Commissioner Marysol De La Torre-Escobedo, a current social science teacher, shared that she was an Ethnic Studies major and felt offended when a professor told her during her studies that she was not prepared to teach all of the domains of social science, but acknowledged the wide range those domains cover and the difficulty of determining subject matter competence.

“I really want to recognize ethnic studies for the discipline that it is — it’s come a long way,” said De La Torre-Escobedo. “I think as we see ethnic studies play out in our PK-12 classrooms — there’s a lot of great stuff happening. Because we’re trying to figure out ethnic studies in our classrooms, and out in the field departments of education are also trying to figure out what the professional development looks like, this is an opportunity for us to take a pause and really get this one right.”

Commissioner Christopher Davis grounded the meeting item in the current social climate and agreed with the need to further study the matter. “So many of the conversations that I’ve had and the written comments here use words like ‘indoctrination,’ ‘political agenda,’ ‘ideological point of view.’ It’s become very inflammatory in this country, and I would say that we should set aside the language that polarizes us. We need to figure out with intentionality and depth of thought, how is [ethnic studies] integrated and not integrated into our K-12 curriculum?

“The elephant in the room is that currently in the public school system, we do look at each one of those domains from a particular point of view,” continued Davis. “And it is not necessarily inclusive of the lived histories and experiences of young people and their families in this country. We are in a very different time. The minority has become the mighty majority.”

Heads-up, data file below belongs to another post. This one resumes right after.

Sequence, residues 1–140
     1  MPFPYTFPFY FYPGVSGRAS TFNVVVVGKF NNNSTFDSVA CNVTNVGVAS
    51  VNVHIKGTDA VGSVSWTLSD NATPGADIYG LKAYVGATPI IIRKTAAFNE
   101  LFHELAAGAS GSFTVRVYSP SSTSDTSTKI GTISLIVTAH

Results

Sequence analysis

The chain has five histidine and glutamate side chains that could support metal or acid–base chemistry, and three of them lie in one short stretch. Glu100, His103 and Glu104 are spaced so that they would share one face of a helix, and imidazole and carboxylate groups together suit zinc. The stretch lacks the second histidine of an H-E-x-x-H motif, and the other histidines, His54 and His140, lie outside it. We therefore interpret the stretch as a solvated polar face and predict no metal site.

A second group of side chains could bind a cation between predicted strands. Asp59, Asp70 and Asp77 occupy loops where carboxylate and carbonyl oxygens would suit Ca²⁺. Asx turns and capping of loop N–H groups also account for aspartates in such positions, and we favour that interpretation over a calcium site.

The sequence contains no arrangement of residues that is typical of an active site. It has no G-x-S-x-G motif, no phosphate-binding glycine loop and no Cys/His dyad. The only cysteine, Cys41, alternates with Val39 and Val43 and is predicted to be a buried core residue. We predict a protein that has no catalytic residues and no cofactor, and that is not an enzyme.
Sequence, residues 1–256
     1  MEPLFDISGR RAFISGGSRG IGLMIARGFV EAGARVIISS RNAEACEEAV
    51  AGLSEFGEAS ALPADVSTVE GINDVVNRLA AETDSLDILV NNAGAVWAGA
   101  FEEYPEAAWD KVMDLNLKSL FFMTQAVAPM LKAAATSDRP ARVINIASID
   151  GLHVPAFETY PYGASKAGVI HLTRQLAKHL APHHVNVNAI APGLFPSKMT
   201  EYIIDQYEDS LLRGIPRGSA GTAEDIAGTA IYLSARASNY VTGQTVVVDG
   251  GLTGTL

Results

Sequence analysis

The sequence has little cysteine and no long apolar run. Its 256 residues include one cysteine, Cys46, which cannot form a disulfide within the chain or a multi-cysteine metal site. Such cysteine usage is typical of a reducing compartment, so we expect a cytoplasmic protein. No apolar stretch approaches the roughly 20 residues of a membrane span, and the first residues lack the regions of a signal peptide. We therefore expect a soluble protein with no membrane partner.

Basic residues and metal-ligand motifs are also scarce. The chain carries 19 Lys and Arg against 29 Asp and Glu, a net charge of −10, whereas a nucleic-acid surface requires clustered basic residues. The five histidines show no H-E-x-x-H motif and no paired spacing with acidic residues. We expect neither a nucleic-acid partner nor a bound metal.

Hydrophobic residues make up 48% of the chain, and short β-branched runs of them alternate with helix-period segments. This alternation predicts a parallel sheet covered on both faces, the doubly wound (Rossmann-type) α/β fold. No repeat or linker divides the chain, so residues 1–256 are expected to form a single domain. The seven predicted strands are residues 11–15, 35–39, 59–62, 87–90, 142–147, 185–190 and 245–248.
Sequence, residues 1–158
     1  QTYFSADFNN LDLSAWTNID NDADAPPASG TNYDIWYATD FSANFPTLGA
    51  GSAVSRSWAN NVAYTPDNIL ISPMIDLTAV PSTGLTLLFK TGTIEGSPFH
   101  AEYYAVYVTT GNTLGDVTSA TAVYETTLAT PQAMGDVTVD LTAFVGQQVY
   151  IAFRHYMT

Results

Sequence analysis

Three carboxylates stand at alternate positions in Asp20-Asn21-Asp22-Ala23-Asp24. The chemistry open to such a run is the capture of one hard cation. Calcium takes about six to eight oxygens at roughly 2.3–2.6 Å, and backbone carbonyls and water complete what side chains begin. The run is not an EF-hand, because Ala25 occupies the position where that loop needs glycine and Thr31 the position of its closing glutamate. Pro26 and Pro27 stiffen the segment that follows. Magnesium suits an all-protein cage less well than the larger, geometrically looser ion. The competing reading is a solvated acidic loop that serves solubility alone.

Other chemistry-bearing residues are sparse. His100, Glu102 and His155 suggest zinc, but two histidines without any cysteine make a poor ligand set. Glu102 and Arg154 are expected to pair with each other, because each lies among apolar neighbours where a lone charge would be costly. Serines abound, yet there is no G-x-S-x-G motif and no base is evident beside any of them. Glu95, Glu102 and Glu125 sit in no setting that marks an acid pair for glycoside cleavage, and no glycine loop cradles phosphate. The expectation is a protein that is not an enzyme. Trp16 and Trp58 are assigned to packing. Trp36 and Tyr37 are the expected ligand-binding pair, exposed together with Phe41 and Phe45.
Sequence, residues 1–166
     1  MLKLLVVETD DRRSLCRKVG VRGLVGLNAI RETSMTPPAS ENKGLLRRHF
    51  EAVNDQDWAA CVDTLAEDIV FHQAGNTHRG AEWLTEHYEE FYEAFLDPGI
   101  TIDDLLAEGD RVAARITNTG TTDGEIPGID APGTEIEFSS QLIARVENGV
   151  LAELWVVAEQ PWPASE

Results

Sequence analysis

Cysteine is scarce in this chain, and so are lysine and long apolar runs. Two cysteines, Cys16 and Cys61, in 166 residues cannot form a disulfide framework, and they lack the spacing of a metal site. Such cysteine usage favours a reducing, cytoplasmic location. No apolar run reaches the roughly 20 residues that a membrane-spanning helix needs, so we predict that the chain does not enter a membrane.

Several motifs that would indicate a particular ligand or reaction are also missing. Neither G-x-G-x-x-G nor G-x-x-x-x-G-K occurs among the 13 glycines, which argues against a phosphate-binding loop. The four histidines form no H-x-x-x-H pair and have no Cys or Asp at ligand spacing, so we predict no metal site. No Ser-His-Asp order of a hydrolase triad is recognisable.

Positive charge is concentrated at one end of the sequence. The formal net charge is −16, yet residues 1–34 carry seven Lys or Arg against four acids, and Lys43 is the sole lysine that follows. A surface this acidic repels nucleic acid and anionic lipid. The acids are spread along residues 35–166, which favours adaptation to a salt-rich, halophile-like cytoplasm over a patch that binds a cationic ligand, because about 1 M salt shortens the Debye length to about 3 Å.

The commission adopted moving the regulatory package forward with the exception of amending the proposed regulations around the majors related to the History and Social Science credential, in order to determine the majors that can or cannot suffice for that requirement. Staff was directed to bring the topic back at the February commission meeting.

Annual accreditation report

The Committee on Accreditation (COA) — which oversees the process of identifying and verifying the quality of each program that prepares educators for serving in the public schools, including verifying that each candidate who completes a program meets the qualifications for licensure established by the CTC — presented the 2021–22 Annual Accreditation Report of the Committee on Accreditation. The major purpose of accreditation is to assure that those who teach and provide a variety of education-related services in public schools have the knowledge, skills and abilities necessary to be effective educators.

The duties of the COA include making decisions about accreditation of educator preparation; making decisions about the initial accreditation of new programs of educator preparation in accordance with procedures established by the committee; determining the comparability of standards submitted by applicants with those adopted by the commission in accordance with the Accreditation Framework; adopting guidelines for accreditation reviews, and monitoring the performance of accreditation teams and other aspects of the accreditation system; presenting an annual accreditation report to the commission and responding to accreditation issues and concerns referred to the COA by the commission.

Currently, California has 942 commission-approved programs; however, 32 of these are inactive. All accreditation site visit reports are available to view online.

Other commission meeting topics: